Things became worse after the loss of the propeller blade as speed was reduced and the ship seemed to pitch more violently. On the third morning there were very few people in the mess room for breakfast and although I was not very hungry I managed my breakfast with no trouble. However, when I went on deck afterwards I was not very well and had to abandon my breakfast over the side. I didn't feel at all well for the rest of the day, missing all meals and just having a few cups of tea. That was the only time in my life that I was seasick. As the weather was warm I was still wearing khaki drill clothing and spent the rest of the day just lying about in a sheltered place on the deck in the fresh air. By next day I was ready for a light breakfast and regular meals despite the rough seas and had no further problems in this respect. Some of us walked round the decks a number of times for exercise each day, although this needed some care owing to the violent motion of the ship, but there was one poor lady (one of the Nursing Officers) who spent the greater part of the voyage lying on a deck chair and obviously feeling very poorly.
As we sailed westwards the weather improved and after five days from Bombay we reached Aden where we took a pilot on board who took us into the anchorage. We spent a day here while some stores were loaded and a diver went down to examine the damaged propeller. Some of the officers went ashore and took a taxi to visit Crater, the shopping and commercial quarter of the town, which was some distance from the port area. I didn't join them as I was trying to conserve my remaining money, so I stayed on board like most of the others.
Aden was an important bunkering station and we watched with interest as a cargo ship anchored nearby was being coaled by gangs of Arabs. They were carrying bags of coal in an endless procession from a lighter and dumping them in the ship's bunkers; it seemed a very dirty and noisy operation. Apparently, it was decided that no repairs could be made to our ship until we reached Port Said at the northern end of the Suez Canal, so we sailed in the evening for the Red Sea. By sea, it is about 1300 miles from Aden to Suez at the southern end of the Canal and this was the month of July when the climate here is very hot and sticky. (The summer temperature at Aden averages about 90°F)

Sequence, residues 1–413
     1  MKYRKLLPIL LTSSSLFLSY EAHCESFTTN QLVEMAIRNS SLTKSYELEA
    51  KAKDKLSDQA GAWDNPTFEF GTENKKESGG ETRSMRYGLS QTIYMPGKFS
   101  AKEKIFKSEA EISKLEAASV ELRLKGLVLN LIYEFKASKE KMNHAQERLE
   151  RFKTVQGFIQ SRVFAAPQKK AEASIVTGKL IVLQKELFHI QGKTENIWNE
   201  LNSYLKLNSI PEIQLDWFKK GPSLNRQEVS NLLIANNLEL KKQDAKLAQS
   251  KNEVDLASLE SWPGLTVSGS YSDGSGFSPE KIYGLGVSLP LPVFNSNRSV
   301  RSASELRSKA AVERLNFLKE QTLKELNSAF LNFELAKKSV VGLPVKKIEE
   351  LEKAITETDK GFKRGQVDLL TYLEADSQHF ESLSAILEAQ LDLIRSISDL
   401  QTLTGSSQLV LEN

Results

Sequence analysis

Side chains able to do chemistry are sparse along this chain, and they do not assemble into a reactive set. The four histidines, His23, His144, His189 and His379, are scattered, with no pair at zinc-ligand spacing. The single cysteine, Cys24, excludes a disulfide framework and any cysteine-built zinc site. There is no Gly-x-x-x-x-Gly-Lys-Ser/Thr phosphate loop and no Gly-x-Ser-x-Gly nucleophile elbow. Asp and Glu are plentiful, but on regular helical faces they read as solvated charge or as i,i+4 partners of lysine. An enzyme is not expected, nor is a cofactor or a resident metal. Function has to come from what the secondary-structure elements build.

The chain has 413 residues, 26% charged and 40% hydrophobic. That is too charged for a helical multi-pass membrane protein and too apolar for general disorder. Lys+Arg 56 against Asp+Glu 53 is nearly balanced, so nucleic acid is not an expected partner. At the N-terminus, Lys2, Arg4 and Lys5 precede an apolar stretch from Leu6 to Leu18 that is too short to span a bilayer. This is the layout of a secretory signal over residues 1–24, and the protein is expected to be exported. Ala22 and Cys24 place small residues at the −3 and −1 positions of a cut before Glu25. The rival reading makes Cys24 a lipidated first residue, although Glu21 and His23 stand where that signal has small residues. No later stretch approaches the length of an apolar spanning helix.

The ship could only travel at reduced speed even though the sea was calmer, so it was not a very pleasant passage as we moved slowly through the Red Sea. The most pleasant part of the day was the evening when we would sit on deck watching the red disc of the Sun disappear below the horizon, and chatting until bedtime. Some nights I slept on deck in a blanket as the cabin was very hot and stuffy; I chose a sheltered spot and slept well, waking in the early morning before anyone was about on the decks. The only drawback to sleeping on deck was that smuts from the ship's funnel would settle on my face if the wind changed! The Red Sea was generally calm with light winds and the smoke trails from other ships could frequently be seen vanishing over the horizon as we were following the shipping lanes.
The ship's crew had been mustered in Liverpool and were very young and inexperienced; the bosun complained to us that some of them didn't even have knives to use in their work. As it got hotter, he got them to put up canvas awnings over part of the after deck to give us shade from the sun, and it was laughable to watch this handful of young men struggling with ropes and canvas while the bosun got more and more annoyed with them. In the evenings they had a kind of skiffle group and we would watch them as they made a kind of music from various improvised instruments including a broomstick, empty oil drum and a rope which made a good imitation of a double bass.
One day, after spending some hours sitting on a life-raft at the side of the ship with my feet on the rails, wearing chapplis with no stockings, I got rather severe sunburn on both ankles. This caused me excruciating pain when I stood up, and my ankles soon swelled up to a large size. I found that I couldn't stand still without a great deal of pain, but if I walked about it was just bearable, so for several days I had to get up from where I was lying on the deck, walk smartly to wherever I wanted to go and lie down again. Very inconvenient! I couldn't approach the M.O. for treatment as we had been given an official warning about the dangers of sunburn as some people had suffered severe blistering through sun-bathing without shirts and it was severely frowned on. I found that going for cups of tea during the day was quite an ordeal as I had to stand at the service counter to get them. After a few days the pain eased, the swelling decreased and large lumps of skin began to flake off. I always wore stockings after this experience!
As we travelled through the Red Sea we passed quite close to some rocky islands rising steeply from the sea and quite barren; a white-painted light-house stood on one of the larger rocks but there was no sign of life there. Later, we sailed along the coast of Arabia as the shipping lanes pass near the coast near Jidda, and we were able to see the long stretch of barren-looking coast from some distance.